Trico has given close to $400,000 in COVID grants
Through the COVID-19 Assistance Program, Trico has now committed or awarded almost $400,000 in COVID-19 related grants and member bill assistance.
At the July Board Meeting, the Board approved a $10,000 grant to the Boys and Girls Club of Tucson and $2,000 to the Casas Adobes American Legion Auxiliary.
The Boys & Girls Club are using the funds for cleaning/disinfecting costs; increased staffing costs; and more program supplies to be distributed directly to youth in need. Funds will be evenly split between two Clubhouses in Trico’s service area: Pascua Yaqui Clubhouse and Steve Daru Clubhouse.
The American Legion is going to provide brown bag lunches and food box items for homeless veterans.
Wildfire, formerly known as the Arizona Community Action Association, received a grant to assist Trico Members with their non-Trico bills and mortgages. United Way of Tucson, Interfaith Community Services, the Community Food Bank of Southern Arizona, Marana Health Care, the Salvation Army, VFW Post 5990, Helmet Peak Volunteer Fire Department, Arivaca Coordinating Council, Arivaca Helping Hearts, Sahuarita Food Bank and Green Valley Assistance Services are some of the other Trico COVID grant recipients.
Helping youth in our community
Twice a year, the Trico Electric Charitable Trust, which is funded through Operation Round Up, awards POWER Grants to non-profit organizations providing critical services in southern Arizona.
In May 2019, The Boys & Girls Clubs of Tucson (BGCT) received $4,000 to provide after‑school snacks to at-risk youth ages 7-17 at the Pascua Yaqui and Steve Daru Clubhouses.
“On behalf of our staff, our board, and most importantly our youth, thank you so much for your ongoing support of the Boys & Girls Clubs of Tucson,” CEO Debbie Wagner said. “Because of your generosity, we were able to continue offering many of our low-income Club youth access to healthy snacks after school and on the weekends in the fall of 2019 and spring of 2020.”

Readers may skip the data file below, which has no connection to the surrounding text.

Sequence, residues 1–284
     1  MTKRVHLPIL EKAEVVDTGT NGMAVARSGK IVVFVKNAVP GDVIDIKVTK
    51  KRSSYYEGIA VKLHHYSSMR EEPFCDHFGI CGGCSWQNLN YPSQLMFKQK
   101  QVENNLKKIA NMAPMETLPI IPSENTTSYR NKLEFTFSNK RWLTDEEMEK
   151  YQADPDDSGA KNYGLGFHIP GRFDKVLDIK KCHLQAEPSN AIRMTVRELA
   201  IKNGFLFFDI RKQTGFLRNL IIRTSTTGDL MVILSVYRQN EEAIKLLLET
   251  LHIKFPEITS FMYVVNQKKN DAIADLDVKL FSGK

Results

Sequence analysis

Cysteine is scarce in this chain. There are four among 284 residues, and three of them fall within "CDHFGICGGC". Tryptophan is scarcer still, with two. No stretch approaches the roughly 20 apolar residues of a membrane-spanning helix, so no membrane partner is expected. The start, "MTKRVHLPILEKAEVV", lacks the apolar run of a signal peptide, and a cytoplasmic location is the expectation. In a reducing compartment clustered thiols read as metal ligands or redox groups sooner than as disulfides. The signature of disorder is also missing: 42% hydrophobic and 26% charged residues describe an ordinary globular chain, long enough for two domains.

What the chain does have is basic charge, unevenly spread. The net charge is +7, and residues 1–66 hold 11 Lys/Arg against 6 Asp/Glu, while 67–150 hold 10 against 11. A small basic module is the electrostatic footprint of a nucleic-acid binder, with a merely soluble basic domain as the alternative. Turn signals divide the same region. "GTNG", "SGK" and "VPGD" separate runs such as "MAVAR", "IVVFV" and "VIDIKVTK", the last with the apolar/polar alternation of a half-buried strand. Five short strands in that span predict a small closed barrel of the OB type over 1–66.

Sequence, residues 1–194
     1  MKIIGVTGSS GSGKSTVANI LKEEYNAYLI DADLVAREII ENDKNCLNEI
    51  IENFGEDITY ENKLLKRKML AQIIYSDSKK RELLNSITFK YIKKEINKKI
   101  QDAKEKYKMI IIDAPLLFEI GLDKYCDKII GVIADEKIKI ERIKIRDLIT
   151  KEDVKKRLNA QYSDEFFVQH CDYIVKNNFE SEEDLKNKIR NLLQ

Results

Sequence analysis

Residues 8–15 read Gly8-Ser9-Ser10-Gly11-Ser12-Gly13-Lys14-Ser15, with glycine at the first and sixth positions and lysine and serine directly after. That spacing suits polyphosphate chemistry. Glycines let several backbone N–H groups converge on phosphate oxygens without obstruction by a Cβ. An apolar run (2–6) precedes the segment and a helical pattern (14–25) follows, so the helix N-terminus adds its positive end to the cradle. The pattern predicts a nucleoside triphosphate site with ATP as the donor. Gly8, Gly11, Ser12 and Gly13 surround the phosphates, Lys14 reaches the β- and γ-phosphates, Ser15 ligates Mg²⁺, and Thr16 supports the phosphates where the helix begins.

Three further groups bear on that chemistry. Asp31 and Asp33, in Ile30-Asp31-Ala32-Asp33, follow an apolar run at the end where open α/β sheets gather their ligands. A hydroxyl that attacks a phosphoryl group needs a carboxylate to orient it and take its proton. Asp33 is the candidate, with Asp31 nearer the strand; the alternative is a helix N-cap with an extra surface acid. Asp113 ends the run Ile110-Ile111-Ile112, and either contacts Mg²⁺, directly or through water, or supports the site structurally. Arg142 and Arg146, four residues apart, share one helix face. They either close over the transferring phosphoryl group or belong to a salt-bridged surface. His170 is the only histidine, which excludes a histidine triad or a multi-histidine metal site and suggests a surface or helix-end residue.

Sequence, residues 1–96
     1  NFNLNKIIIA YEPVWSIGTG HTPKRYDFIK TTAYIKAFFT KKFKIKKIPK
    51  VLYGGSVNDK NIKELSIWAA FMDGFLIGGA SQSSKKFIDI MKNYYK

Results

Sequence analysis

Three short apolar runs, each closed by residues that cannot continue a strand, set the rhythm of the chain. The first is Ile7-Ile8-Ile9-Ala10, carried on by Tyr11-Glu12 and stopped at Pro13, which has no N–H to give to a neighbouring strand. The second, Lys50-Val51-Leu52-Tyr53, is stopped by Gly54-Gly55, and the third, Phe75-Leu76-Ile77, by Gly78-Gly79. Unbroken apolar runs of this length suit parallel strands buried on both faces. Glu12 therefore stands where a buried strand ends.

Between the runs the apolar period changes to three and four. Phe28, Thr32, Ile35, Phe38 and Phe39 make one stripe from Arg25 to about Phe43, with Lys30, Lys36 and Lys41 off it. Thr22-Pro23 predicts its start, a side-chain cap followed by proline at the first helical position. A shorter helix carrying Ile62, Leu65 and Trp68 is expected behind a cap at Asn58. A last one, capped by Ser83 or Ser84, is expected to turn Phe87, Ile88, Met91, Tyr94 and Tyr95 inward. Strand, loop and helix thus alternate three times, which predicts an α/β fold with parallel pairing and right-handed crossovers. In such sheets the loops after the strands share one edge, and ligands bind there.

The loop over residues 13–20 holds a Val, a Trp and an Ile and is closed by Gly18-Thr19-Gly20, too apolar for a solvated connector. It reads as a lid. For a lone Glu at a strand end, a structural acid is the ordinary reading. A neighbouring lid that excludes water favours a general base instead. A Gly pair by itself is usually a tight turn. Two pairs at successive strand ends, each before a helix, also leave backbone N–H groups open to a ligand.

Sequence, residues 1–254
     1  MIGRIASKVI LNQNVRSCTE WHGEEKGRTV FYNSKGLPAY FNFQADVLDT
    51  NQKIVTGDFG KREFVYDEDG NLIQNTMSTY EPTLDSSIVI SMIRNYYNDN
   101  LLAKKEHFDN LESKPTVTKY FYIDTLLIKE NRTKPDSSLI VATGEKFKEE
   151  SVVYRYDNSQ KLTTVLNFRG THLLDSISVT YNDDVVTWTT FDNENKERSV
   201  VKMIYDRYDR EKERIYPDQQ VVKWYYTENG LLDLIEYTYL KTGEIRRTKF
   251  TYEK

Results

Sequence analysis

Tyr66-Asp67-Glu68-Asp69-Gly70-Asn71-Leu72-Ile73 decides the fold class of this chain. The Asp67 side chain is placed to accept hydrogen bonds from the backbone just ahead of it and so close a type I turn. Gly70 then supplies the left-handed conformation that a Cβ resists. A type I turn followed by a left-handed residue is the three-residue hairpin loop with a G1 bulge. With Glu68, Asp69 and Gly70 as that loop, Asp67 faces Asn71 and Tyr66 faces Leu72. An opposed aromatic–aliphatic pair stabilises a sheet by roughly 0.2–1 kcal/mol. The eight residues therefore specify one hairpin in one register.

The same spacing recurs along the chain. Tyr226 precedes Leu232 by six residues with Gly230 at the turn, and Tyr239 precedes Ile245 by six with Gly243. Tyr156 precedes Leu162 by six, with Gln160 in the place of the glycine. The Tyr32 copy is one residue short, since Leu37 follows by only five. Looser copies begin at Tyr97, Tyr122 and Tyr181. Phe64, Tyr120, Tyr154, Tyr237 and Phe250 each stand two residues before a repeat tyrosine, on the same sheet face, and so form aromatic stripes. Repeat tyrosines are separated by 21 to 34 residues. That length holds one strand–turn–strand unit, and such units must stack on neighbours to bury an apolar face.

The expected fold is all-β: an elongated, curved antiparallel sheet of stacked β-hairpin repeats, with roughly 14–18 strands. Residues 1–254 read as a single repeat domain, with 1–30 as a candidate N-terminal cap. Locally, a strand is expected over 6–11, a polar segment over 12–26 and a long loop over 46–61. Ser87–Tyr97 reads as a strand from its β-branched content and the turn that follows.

With a $5,000 POWER Grant, Mentally Ill Kids In Distress (MIKID) was able to expand its Peer Support Program to provide support to transitional age youth who are at risk of not being able to successfully transition to independent adulthood due to barriers to services, the complexity of their needs and the many challenges they face. From June 1, 2019 to May 31, 2020, MIKID served 293 youth and their families in Marana, Sahuarita, San Manuel and Tucson.
Since the start of the year, Make Way for Books has used funds from a $5,000 POWER Grant to provide more than 25 workshops for early childhood educators. One educator said, “Make Way for Books workshops has been giving me tools, ideas and materials that I can use in my classroom with my students to implement, develop and model language, reading and writing skills.”
Over the course of the year, more than 3,500 books were provided to classrooms and lending libraries, and more than 3,000 books were provided for children to keep. In response to the support educators received, more than 90% of educators reported feeling more confident in their ability to use books as tools to foster language-rich interactions.
Make Way for Books continues to adapt and innovate to meet the needs of the educators. Currently, Make Way for Books is developing virtual content to support educators remotely.
You can help youth programs and other non‑profits by joining Operation Round Up. Click here to learn more.